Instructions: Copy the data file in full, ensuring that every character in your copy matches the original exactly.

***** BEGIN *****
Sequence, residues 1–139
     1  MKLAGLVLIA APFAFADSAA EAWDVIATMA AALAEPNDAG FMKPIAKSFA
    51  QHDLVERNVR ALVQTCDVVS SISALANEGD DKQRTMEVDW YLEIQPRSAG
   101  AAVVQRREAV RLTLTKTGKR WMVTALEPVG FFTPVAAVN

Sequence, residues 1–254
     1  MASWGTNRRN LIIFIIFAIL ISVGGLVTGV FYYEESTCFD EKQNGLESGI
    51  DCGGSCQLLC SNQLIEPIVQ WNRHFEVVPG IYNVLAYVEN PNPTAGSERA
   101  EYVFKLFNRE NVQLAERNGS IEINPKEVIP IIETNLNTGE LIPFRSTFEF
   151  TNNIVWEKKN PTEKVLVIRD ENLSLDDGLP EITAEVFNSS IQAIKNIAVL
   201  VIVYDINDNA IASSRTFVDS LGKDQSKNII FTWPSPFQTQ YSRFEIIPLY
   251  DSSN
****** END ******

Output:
Sequence, residues 1–139
     1  MKLAGLVLIA APFAFADSAA EAWDVIATMA AALAEPNDAG FMKPIAKSFA
    51  QHDLVERNVR ALVQTCDVVS SISALANEGD DKQRTMEVDW YLEIQPRSAG
   101  AAVVQRREAV RLTLTKTGKR WMVTALEPVG FFTPVAAVN

Sequence, residues 1–254
     1  MASWGTNRRN LIIFIIFAIL ISVGGLVTGV FYYEESTCFD EKQNGLESGI
    51  DCGGSCQLLC SNQLIEPIVQ WNRHFEVVPG IYNVLAYVEN PNPTAGSERA
   101  EYVFKLFNRE NVQLAERNGS IEINPKEVIP IIETNLNTGE LIPFRSTFEF
   151  TNNIVWEKKN PTEKVLVIRD ENLSLDDGLP EITAEVFNSS IQAIKNIAVL
   201  VIVYDINDNA IASSRTFVDS LGKDQSKNII FTWPSPFQTQ YSRFEIIPLY
   251  DSSN